Tuesday, January 29, 2008

Shutter Island by Dennis Lehane

The "what the hell happened?" ending of Shutter Island is as thuddingly fantastic as the "what the heck was that?" ending of Bad Monkeys was terrible. This thrilling, terrifying book kept me on edge and confused (in a good way) from beginning to end.

Lehane, author of Mystic River and Gone Baby Gone, opens the book with a mystery and then plunges us back in time nearly forty years and begins again with a second mystery. Around eighty pages into this book, I was so hooked that I told Roommate: "This ought to be a series-- Teddy Daniels and Chuck Aule are so well-drawn." He just gave me a look and said, "Wait."

Wait, indeed.

Primarily set on a island in Boston Harbor, home of Ashecliffe Hospital for the Criminally Insane, Shutter Island takes place during a 1954 hurricane. Maybe. New partners, Daniels and Aule, US Marshalls, are called in to help find an escaped female inmate who has been hospitalized after murdering her four children. Maybe. Once on the island, trapped by the incoming storm, they're confronted by resistant faculty, the possibility of unethical practices, and a deeper, more personal mystery for Daniels. Sort of.

This cinematic novel is, appropriately enough, is in pre-production for a movie release in 2009. Directed by Martin Scorsese, the movie will reportedly star Leo DiCaprio as Teddy Daniels (Leo seems too young for the part, to me) and Mark Ruffalo as Chuck Aule. Michelle Williams, the mother of the late Heath Ledger's child Mathilda, is slated to star as Teddy's wife. Ben Kingsley and Patricia Clarkson have also been cast. (The movie name has reportedly just been changed to Ashecliffe).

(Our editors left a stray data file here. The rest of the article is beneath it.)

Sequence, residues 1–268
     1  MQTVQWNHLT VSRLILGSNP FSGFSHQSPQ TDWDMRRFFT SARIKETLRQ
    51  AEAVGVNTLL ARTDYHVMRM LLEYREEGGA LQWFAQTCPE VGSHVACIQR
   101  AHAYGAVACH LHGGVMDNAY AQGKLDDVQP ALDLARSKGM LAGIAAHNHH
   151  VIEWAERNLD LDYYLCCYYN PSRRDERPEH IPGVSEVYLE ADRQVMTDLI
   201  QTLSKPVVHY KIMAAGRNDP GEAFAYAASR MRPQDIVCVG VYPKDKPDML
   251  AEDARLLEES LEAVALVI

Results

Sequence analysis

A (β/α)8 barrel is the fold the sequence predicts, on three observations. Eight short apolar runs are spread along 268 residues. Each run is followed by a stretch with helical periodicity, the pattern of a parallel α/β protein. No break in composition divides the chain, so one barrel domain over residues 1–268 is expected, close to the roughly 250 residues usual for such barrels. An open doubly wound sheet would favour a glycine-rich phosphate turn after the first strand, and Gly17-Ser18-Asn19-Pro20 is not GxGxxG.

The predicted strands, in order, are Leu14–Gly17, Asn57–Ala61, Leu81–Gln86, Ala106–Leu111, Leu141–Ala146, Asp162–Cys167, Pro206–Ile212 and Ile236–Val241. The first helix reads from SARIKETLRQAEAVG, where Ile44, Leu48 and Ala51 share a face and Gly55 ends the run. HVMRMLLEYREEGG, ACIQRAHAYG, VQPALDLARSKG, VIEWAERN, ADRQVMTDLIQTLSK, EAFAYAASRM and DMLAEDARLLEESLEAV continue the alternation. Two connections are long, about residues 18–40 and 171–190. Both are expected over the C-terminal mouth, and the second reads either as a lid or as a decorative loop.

I haven't read any of Lehane's other novels, but they're heading for my bullpen right now. This past weekend, I was lucky enough to attend Lehane's keynote reading for Eckerd College's "Writers in Paradise" Workshop in St. Petersberg, Florida. He read a chapter from his upcoming historical fiction A Given Day about the 1919 Boston Police strike. Absolutely gripping stuff and he's a gifted, engaging reader. (And, I'm not too proud to say, easy on the ol' peepers.) This may be a book I buy in hardcover.

Shutter Island wins the prize for the best book I've read in the past few months. I've read a bunch of clunkers, I'm afraid. Yes, The Road may be the "best" book that I've read lately, but it left me feeling so thoroughly roughed-up that I can't classify it as a "good read." Important, yes. Good, not so much.

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